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Don't Mess With the HEAT




By Tara Postnikoff, Healthy Eating Active Living

The thermostat was dialed up last week with a rapid change in weather here in Toronto. As great as the warmer weather is, we need to be prepared for these changes and how they will affect your workouts, especially early season when we aren’t as adapted to the heat as we are by the end of the summer. Heat adds additional stress to the body which will result in elevated heart rate, increase core body temp, elevated perceived exertion and increased sweat volume and possibly sweat sodium concentration. This will make even easy workouts seem hard, and hard workouts seem harder. Humidity adds another element of stress because your body can’t adequately use your sweat to cool you down. In humid conditions overhydration is a real risk as we tend to drink more fluids in efforts to cool down but without the sweat being able to be wicked away this process can actually lead to low blood sodium levels if we don’t match fluid intake with salt intake.

Here are some tips for adjusting your training with the heat:

  1. Get out early or late. Get out before it really heats up or wait until the sun goes down to get your training in to take advantage of cooler temperatures.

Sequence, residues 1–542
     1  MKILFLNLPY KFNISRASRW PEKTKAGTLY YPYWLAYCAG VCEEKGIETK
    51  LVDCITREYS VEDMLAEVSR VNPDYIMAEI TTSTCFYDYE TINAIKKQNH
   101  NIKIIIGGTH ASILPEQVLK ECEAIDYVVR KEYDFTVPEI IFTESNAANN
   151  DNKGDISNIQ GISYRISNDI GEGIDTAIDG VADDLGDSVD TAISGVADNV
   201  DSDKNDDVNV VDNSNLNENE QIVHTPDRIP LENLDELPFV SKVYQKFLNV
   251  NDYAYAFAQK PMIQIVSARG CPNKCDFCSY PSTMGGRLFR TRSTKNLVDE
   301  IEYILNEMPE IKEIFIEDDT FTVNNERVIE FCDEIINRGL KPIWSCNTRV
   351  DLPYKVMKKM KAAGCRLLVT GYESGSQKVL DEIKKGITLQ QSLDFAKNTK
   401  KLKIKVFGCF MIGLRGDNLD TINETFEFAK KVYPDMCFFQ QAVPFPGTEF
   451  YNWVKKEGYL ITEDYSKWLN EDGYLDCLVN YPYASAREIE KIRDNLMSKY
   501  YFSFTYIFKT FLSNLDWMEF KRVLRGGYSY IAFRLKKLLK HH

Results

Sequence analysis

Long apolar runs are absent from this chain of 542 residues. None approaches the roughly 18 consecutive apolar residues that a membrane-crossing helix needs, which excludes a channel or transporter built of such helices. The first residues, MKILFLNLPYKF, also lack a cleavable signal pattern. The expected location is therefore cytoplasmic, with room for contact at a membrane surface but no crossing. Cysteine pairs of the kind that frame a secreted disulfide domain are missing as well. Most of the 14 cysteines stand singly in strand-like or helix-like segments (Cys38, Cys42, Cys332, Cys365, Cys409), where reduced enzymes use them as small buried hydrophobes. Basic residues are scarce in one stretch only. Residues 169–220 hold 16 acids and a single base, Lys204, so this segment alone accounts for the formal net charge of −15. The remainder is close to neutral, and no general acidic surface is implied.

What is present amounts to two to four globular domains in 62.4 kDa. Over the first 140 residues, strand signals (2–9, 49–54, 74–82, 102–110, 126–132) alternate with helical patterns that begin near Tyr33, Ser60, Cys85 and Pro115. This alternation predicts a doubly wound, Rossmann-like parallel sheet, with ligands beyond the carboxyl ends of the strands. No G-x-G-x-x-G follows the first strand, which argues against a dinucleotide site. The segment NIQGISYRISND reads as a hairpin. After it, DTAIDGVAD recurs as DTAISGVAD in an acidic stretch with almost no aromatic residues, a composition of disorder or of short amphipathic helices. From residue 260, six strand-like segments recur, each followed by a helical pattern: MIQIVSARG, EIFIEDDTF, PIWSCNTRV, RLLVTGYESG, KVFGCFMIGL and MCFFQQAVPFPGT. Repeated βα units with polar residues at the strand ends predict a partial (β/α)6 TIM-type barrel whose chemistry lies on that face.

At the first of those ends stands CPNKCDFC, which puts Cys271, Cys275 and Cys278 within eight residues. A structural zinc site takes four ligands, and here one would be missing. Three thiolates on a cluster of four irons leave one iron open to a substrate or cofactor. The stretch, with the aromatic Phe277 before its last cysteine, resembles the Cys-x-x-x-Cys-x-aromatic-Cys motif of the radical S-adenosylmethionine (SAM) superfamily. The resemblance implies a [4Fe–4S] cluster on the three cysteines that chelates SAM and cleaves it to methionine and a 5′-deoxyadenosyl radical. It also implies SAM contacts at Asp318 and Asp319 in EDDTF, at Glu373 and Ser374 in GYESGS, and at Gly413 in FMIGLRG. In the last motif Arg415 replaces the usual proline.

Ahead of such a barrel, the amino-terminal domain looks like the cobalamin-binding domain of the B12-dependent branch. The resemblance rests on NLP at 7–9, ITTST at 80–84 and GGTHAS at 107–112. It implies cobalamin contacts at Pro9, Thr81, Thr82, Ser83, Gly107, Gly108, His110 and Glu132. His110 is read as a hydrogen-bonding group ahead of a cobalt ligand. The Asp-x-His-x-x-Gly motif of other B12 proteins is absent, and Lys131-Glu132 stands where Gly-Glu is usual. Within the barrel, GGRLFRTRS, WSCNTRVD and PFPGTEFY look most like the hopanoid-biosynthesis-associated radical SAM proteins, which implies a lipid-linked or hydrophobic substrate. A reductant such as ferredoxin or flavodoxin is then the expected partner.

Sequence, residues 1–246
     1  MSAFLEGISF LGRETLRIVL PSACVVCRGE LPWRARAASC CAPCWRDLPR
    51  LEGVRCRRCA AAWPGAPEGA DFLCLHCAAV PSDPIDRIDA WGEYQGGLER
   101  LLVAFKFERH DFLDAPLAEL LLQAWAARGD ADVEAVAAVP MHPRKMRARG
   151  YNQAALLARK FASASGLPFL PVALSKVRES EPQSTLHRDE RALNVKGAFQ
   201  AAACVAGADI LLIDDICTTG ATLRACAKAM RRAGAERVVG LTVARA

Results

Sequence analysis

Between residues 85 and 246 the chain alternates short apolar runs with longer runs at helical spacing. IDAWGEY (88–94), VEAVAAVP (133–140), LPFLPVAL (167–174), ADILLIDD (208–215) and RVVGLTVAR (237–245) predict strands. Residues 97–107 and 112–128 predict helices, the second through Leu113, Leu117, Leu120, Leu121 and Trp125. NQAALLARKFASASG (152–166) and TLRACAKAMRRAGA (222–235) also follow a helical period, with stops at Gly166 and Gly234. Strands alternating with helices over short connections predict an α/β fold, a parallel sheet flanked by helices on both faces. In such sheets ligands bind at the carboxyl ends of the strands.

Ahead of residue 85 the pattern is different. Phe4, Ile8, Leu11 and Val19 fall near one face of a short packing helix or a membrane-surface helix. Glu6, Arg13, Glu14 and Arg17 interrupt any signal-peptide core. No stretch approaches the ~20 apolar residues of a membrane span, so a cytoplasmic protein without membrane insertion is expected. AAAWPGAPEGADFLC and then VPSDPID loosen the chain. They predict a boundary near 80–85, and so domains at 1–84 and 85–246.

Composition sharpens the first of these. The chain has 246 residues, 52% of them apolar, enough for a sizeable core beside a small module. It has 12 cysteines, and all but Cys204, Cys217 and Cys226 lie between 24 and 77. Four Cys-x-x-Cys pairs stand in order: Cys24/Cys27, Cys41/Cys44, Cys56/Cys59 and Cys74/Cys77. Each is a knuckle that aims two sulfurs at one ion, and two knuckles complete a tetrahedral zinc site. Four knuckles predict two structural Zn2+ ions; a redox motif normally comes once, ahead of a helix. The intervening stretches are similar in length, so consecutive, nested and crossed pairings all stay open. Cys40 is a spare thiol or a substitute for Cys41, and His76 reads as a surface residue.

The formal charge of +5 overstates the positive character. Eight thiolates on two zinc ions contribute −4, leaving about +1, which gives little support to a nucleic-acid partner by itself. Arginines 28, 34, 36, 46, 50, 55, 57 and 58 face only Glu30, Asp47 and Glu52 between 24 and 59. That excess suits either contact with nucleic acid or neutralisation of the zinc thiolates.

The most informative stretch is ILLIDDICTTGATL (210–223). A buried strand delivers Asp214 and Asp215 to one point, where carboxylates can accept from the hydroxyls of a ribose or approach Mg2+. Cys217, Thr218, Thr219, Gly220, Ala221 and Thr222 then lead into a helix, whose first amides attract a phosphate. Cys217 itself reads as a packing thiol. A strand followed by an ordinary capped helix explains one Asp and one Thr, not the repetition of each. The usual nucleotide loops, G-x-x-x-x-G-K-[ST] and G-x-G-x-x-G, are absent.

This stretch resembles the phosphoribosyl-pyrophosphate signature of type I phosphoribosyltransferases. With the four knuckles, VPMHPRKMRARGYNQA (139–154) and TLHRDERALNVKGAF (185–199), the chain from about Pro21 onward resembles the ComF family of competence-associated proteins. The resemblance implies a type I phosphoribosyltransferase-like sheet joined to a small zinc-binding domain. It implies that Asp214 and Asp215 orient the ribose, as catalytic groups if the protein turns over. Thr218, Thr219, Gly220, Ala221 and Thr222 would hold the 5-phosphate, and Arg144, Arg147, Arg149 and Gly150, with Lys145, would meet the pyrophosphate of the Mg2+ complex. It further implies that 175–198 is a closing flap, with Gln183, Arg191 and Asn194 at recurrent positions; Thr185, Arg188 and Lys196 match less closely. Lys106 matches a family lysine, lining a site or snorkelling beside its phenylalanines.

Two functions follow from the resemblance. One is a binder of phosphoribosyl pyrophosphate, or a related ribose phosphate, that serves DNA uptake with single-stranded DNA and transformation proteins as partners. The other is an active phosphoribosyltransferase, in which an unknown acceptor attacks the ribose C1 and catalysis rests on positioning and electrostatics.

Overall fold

2. Slow down. Try doing your training by effort / RPE vs pace and power. It’s ok to slow down by 15-45s per km to match the effort of the activity. Run by time and effort, not distance in these cases so you don’t exceed your recommended training volume. Check out the HEAT ADJUSTMENT tool from Kevin Smith at Marathon Dynamics: http://www.marathondynamics.com/display.php?page=RunningPaceAdjustment

  3. Cover up. Use of cooling sleeves and protective clothing to keep the sun off your skin can be helpful. A hat or visor is great for keeping sun off your face and help reduce the feeling of heat.

  4. Pre-cooling strategies. If you are going to go out and train in the heat try using pre-cooling strategies to reduce your core body temperature. This includes use of ice packs on your neck, wrists, arm pits for 5 mins before exercise as well as the ingestion of an ice-slurry pre exercise to cool your body from the inside out. Note that cold water itself won’t work, but the ice mixture will help reduce core temp faster as your body has to use heat to warm it up.

  5. Hydrate. Practice proper hydration strategies for training by starting your training well hydrated. Carry fluids with you on all efforts, and re-hydrate as necessary post workout. Read Coach Tara’s full article on this here: https://www.heal-nutrition.com/summer-hydration/

Ultimately putting some thought and planning into when to do your workouts, matching them with the weather and practicing these strategies will help make sure you are setting yourself up for success. Get to know the signs and symptoms of heat exhaustion and heat stroke so you know what to look out for if you do get caught unprepared:



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